Posts Tagged ‘honey’

Spicy Honey-Brushed Chicken Thighs

Monday, January 18th, 2010

There are two things I love about this recipe, taken from the March 2007 issue of Cooking Light magazine.

First, it uses boneless skinless chicken thighs. If you’ve ever tried to eat healthy, you probably found yourself eating a lot of boneless skinless chicken breasts. You hear all the time that white meat is healthier than dark meat, that the skin is terrible for you, etc. And while that’s technically true, even dark meat poultry can be a healthy choice. Boneless, skinless chicken thighs are the embodiment of that. They have a bit more fat than the breast meat, it’s true–but they’ll also bring a lot more flavor to your dish, and tend to be a bit more moist than boneless skinless chicken breasts. And they’re just as convenient! If you prefer thighs and legs when you order your chicken from a fast food place, you’ll probably be much happier with boneless skinless chicken thighs than with breasts.

Second, it takes advantage of the broiler, a feature of my oven that I severely neglect. We live in the city, on the 16th floor, which makes grilling a fairly complicated option. Enter: the broiler. Basically anything you can grill you can cook under your broiler. It doesn’t take the place of the taste of real charcoal grilling, but if you’re using a gas grill, you probably wouldn’t be able to tell the difference.

Spicy Honey-Brushed Chicken Thighs
Adapted from Cooking Light, March 2007

  • 2 teaspoons garlic powder
  • 2 teaspoons chili powder
  • 1 teaspoon salt
  • 1 teaspoon ground cumin
  • 1 teaspoon paprika
  • 1/2 teaspoon ground red pepper
  • 8 skinless, boneless chicken thighs
  • Cooking spray
  • 6 tablespoons honey
  • 2 teaspoons cider vinegar

Preheat broiler.

Combine first 6 ingredients in a large bowl. Add chicken to bowl; toss to coat. Place chicken on a broiler pan coated with cooking spray. Broil chicken 5 minutes on each side.

Combine honey and vinegar in a small bowl, stirring well. Remove chicken from oven; brush 1/4 cup honey mixture on chicken. Broil 1 minute. Remove chicken from oven and turn over. Brush chicken with remaining honey mixture. Broil 1 additional minute or until chicken is done.

Yield: 4 servings (serving size: 2 chicken thighs) CALORIES 321 FAT 11g FIBER 0.6g


Friday, April 24th, 2009

Potica is a traditional Slovenian pastry made with flaky dough and a sweet nut filling. You might be wondering what I’m doing making Potica, which is a reasonable question.

I suppose it started with my mom, who loves the stuff. It’s not exactly easy to find in stores, so she was always estatic to find someone had brought it to work for a holiday treat or for sale at a baked goods table at some event.

Then there’s my husband. He goes crazy for Potica. Both sides of his family make it, he grew up eating it…and for about as long as I’ve been cooking with him, he’s wanted me to learn how to make it. My standard response was that we didn’t have the counterspace, and while that used to be true, it’s not any longer. So it was time to learn to make Potica.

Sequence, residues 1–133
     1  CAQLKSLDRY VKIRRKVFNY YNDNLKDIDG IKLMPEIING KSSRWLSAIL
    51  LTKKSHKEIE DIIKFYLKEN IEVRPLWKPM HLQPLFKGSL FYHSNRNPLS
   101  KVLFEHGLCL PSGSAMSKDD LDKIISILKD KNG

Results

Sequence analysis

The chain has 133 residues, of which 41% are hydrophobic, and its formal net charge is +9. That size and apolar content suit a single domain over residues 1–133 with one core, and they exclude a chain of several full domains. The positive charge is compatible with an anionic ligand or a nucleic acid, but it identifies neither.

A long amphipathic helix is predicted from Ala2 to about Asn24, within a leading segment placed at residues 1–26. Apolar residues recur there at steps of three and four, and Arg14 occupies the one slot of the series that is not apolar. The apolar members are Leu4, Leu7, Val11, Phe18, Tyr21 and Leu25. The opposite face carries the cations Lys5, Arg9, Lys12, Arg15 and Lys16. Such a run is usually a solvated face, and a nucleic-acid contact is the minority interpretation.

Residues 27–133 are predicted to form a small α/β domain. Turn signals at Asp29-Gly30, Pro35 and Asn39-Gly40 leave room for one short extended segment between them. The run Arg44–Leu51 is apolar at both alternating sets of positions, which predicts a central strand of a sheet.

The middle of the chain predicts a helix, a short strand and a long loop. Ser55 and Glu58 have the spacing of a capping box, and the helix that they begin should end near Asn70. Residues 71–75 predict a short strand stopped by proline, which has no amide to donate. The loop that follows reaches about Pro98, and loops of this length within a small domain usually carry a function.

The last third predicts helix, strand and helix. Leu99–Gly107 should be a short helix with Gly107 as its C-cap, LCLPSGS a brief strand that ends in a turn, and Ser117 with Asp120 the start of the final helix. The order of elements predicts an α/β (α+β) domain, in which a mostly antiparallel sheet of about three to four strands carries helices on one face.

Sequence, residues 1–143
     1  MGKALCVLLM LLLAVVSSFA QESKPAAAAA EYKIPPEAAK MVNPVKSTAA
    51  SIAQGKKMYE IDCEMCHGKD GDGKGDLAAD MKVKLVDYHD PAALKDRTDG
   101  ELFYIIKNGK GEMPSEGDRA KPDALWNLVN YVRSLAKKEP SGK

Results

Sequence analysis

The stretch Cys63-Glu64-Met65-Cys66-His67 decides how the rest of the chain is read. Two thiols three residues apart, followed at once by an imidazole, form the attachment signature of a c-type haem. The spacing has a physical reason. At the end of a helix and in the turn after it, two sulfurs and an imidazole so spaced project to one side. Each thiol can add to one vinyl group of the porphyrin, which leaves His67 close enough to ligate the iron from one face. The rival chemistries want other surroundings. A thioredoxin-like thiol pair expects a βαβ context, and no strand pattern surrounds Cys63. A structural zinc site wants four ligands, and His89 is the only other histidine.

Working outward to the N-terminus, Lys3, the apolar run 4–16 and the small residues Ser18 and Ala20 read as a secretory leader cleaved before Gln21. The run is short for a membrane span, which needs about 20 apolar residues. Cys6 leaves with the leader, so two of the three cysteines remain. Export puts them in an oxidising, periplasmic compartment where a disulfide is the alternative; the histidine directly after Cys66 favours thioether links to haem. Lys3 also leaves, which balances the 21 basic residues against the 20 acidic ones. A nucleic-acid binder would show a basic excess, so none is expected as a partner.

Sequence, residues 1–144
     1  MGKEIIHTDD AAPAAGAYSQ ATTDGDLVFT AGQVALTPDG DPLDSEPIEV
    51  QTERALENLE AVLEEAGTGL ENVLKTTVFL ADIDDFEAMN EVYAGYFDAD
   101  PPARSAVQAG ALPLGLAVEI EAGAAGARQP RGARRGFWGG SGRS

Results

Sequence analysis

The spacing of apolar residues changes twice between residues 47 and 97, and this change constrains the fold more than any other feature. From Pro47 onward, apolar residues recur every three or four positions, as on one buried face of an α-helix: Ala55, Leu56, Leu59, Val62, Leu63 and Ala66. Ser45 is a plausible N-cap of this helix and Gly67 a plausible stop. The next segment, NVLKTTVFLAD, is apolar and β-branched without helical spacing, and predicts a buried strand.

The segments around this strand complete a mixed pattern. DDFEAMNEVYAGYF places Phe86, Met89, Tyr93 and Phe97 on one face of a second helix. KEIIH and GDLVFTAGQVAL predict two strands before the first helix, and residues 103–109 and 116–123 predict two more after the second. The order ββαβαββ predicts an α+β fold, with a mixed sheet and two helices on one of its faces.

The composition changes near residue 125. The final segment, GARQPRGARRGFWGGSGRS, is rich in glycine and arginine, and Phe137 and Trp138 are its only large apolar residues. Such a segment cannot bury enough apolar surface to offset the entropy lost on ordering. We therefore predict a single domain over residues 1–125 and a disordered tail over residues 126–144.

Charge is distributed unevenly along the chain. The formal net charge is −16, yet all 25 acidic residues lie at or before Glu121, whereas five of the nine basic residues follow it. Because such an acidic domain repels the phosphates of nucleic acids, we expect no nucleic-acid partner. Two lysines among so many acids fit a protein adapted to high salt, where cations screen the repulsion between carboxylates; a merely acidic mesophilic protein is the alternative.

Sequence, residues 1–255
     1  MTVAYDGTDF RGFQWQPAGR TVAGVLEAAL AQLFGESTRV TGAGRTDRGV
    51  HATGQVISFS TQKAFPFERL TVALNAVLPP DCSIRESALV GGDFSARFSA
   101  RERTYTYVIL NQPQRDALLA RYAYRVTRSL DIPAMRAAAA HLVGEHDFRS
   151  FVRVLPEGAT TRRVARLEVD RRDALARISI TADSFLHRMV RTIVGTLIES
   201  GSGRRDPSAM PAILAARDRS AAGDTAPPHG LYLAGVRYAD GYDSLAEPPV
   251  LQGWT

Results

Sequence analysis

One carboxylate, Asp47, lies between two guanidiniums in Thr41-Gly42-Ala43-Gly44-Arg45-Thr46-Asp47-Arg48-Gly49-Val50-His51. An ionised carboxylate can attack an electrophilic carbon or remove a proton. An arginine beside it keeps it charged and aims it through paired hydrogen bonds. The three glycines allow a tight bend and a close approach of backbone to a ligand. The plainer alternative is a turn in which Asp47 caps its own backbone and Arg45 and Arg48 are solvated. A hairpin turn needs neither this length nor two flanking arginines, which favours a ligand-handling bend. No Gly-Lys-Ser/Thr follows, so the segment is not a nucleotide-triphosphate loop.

David was happy to organize the event, by purchasing a not-so-subtle three pounds of walnuts from Costco, and inviting his mom over to teach me. So it came to be that Dave’s mom came over a couple of weeks ago, with well-used loaf pans and a couple of worn, aged recipe cards (one for the dough, one for the filling).

She maintains that the recipe is not enough–you need to be taught to make this tricky pastry, and I certainly understand her point. For one, the recipe is an old family affair that involves measurements like “enough milk” and “just enough flour.” For two, it really was tricky work, stretching the dough so super thin. (Literally, thin enough to read a newspaper through!). No rolling pin will get you to dough that thin, it’s got to be done by hand. I was very grateful to have an experienced player in the kitchen, let me tell you.

Was it worth it, in the end? I have to say yes. For one, it’s a favorite of David’s, along with my mom and my granny, three people I love very deeply. And the look on my mom’s face when she realized what I was handing her was priceless. I also enjoyed hearing how much Granny liked it. In some ways, I’m not looking forward to the work that the next batch will require, but at the same time, I’m looking forward to making a batch on my own.

Plus, since David ran out last week, I expect I’ll be seeing another not-so-subtle bag of walnuts from Costco any time now.

Potica (Walnut Pastry)
Makes 4 large rolls

For the Filling:

  • 3 sticks butter
  • 1 cup honey
  • 2 cups sugar
  • 1/2 tsp salt
  • 6 eggs
  • 1/2 to 2 cups of milk, divided
  • 2 lbs ground walnuts (I ground them using the fine plate on our Food Grinder attachment for the KitchenAid mixer).

For the Dough:

  • 12 cups all-purpose flour, divided
  • 2 sticks margarine (melted)
  • 3/4 cups sugar
  • 4 eggs, well-beaten
  • 1 cup milk
  • 1 tablespoon salt
  • 1  packet of dry active yeast, or the equivalent

1. In a large, heavy saucepan over medium heat, melt the butter and add honey, sugar, and salt.

2. Beat the eggs with 1/2 cup milk and add to the nut mixture.

3. Add more milk, a little at a time, until the nut paste is smooth enough to spread. You’ll probably need about a cup of milk, but it could be more.

4. Cook for 15 minutes over medium heat, stirring constantly to avoid the paste sticking to the bottom. Let stand for at least an hour at room temperature while preparing the potica dough.